Yet it's plain in retrospect that they made serious mistakes. They erred either in bailing out Bear Stearns in March 2008 (my view) or in declining to bail out Lehman Brothers in September 2008.
Amid the financial turmoil after Lehman collapsed, it was clear that even these experts didn't know what to do. They oscillated from one policy to another, making it up as they went along. Not all their decisions were wrong, but the current economic recovery is agonizingly sluggish.
You can certainly argue that Iraq and the financial crisis posed unique and unprecedented challenges. It was probably impossible to get everything right. But the fact is that people we had every reason to regard as the greatest experts failed to get anything close to optimal results.
In that context, it's easier to see why voters seem to have little respect for expertise.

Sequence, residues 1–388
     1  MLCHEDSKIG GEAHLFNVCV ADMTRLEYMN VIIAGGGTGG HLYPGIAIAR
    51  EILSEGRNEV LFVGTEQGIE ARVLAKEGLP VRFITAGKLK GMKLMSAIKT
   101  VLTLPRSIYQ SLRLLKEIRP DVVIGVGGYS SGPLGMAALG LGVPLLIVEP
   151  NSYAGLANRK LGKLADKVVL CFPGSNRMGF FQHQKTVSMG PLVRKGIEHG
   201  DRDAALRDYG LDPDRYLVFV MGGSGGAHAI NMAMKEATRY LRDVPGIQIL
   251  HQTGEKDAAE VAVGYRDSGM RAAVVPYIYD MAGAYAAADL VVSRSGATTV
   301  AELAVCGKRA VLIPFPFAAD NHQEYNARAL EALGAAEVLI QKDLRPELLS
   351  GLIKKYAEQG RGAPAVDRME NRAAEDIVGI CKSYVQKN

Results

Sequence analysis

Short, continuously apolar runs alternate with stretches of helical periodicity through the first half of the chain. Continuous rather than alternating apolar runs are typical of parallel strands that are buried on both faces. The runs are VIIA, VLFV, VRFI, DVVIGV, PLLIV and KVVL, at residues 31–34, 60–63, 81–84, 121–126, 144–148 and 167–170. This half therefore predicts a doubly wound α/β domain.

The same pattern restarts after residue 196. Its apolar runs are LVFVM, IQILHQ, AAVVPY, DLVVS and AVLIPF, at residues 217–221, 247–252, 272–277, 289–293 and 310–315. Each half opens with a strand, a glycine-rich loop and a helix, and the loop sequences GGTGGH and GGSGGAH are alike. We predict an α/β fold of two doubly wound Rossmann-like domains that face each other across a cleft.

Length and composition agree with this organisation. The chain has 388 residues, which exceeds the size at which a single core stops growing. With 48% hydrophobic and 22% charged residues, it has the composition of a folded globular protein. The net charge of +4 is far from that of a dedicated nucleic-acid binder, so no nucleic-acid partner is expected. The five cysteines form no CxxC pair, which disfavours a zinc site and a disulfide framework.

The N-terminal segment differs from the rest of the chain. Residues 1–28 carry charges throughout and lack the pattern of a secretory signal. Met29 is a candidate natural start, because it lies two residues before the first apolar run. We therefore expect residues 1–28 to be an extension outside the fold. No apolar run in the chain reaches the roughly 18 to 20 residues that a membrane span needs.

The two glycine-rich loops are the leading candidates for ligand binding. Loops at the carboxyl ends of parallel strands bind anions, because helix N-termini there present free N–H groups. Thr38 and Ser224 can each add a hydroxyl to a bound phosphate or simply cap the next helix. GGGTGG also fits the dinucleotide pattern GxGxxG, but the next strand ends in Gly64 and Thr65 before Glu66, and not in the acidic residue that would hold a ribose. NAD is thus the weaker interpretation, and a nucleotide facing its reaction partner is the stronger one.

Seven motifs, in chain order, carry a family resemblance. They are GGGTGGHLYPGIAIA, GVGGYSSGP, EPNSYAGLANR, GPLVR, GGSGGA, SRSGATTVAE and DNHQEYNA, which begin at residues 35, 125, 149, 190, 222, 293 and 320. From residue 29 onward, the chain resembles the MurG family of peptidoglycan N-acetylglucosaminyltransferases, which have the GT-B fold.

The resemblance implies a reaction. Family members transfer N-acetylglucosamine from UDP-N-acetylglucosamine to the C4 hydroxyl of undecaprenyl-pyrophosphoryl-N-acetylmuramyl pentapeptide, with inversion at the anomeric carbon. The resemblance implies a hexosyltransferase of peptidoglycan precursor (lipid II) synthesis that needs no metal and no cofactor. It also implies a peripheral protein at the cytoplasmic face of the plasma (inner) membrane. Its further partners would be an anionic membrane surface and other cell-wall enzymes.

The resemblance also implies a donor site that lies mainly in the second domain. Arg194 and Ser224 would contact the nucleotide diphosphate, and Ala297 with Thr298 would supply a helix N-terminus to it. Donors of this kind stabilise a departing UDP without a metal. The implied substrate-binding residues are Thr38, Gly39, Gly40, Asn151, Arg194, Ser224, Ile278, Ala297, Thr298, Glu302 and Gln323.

In the 2008 electoral cycle, Democratic primary voters, caucus-goers and super-delegates chose a candidate with minimal experience in either foreign or domestic policy and no executive experience at all. But Barack Obama seemed to have other strengths. In the financial crisis, he was no more than a helpful bystander. But he zoomed ahead of John McCain in the polls and was elected.
Now Republicans are zooming from one low-expertise candidate to another. Bachmann has never run anything but a small business. Cain ran a pizza company and lost an election for senator. Perry showed little interest in national issues in his first 10 years as governor of Texas.
Romney's years in private equity and one term as governor of Massachusetts give him an edge in expertise over the present field. But his experience is thin next to contenders in the past.
It's off-putting to watch what a low value voters put on expertise. But that's what happens when experts blow it one time after another.